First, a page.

For gen Z consumers, emotion and experience are drivers of interest in fragrance, according to Fabrigas and Wallach. Fabrigas says they gravitate toward the ability to mix and match Sparti Scents’ offerings, and tailor scent usage to their moods and preferences. So far, Sparti Scents’ fragrances have sold roughly evenly. Wallach says customers want the scents “to be with them everywhere and that has been powerful for us to see. They not only want one, they want three. They want them with them at school, at lunch, at the gym.” She adds, “Fragrance is a very important part of a customer’s beauty routine and journey on a day-to-day basis.”
Fragrance has been interwoven into Fabrigas’s and Wallach’s careers. As a 20 year old entering the professional world at public relations firm Madeline de Vries, Wallach worked to launch the fragrance Quelques Fleurs at Bergdorf Goodman. She would go on to work in media and entertainment positions that often overlapped with beauty. She was director of special events at Showtime in the 1990s. Later, she developed lifestyle destination Beautiful Stranger.tv into a shoppable online platform. Currently, on top of her role as CEO of Sparti Scents and Scentinvent Technologies, Wallach is cohost of the podcast “Beauty Is Your Business.” Fabrigas was formerly SVP of marketing at Clarins, CEO at Fusion Brands and CMO at Farmacy Beauty.
Friends as well as colleagues, Fabrigas and Wallach joined forces to start Scentinvent Technologies in 2014. “The vision was to reimagine fragrance with new forms and functions to reach a new level of fantasy,” says Wallach. The company has a licensing deal with WWP Beauty to make its formulations and a stacked advisory board that includes Debbie Murtha, former SVP/GMM at Macy’s, Wendy Gottfried, former VP/DMM at Saks Fifth Avenue for beauty, fragrance, lingerie and swim, and Pamela Baxter, operating partner at MidOcean Partners, co-founder of Bona Fide Beauty Lab and former president and CEO of Parfums Christian Dior. Along with Sparti Scents, it has the brand Linger Fragrance Primer.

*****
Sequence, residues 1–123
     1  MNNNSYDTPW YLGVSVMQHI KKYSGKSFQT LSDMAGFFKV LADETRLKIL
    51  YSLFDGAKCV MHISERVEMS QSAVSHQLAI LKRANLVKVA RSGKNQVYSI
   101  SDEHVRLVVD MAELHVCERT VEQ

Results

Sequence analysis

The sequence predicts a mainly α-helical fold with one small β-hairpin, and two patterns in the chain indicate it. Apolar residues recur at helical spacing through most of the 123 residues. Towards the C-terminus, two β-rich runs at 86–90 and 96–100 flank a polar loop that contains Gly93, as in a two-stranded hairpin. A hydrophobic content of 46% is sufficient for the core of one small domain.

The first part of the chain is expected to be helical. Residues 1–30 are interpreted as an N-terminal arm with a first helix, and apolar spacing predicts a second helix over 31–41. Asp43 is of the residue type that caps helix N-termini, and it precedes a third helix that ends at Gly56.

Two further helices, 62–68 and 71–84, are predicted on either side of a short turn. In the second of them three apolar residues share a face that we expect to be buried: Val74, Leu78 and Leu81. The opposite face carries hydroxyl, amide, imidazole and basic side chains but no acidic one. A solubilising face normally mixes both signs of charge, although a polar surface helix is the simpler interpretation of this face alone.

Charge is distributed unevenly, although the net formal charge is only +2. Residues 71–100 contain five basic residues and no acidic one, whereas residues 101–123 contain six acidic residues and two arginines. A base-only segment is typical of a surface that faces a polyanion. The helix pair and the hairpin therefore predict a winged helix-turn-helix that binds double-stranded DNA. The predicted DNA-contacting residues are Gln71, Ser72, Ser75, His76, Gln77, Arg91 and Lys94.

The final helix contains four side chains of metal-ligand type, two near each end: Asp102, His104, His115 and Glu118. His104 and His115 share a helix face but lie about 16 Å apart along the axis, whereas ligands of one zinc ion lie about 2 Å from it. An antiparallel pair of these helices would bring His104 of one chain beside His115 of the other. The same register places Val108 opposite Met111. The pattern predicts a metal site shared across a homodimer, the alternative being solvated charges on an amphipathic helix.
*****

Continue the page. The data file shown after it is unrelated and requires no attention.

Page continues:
Wallach’s son helped Scentinvent Technologies arrive at the name Sparti Scents after an initial name for the brand was claimed by another company. “He said, ‘Why don’t you call it ‘Sparti’? It’s like a scent party. You and Caroline like to have parties all the time. You are party girls,’” recalls Wallach. “It was a joke. You never know where your inspiration comes from.” Wallach and Fabrigas plan to expand Sparti Scents’ array of colors, fragrances and formats. The main focus distribution-wise for the brand is achieving success at Walmart, but the co-founders foresee it enlarging its footprint generally at accessible stores and abroad. Wallach says, “We think the Asian market will love this fresh approach to fragrance.”
Next year, industry sources estimate Sparti Scents could generate $5 million to $6 million in retail sales. Fabrigas and Wallach have begun the process to raise funds to accelerate its growth. “It hasn’t been an easy road as independent entrepreneurs self-funding this business, but Walmart is very behind female entrepreneurs,” says Fabrigas. “It’s been a wonderful partnership with them.”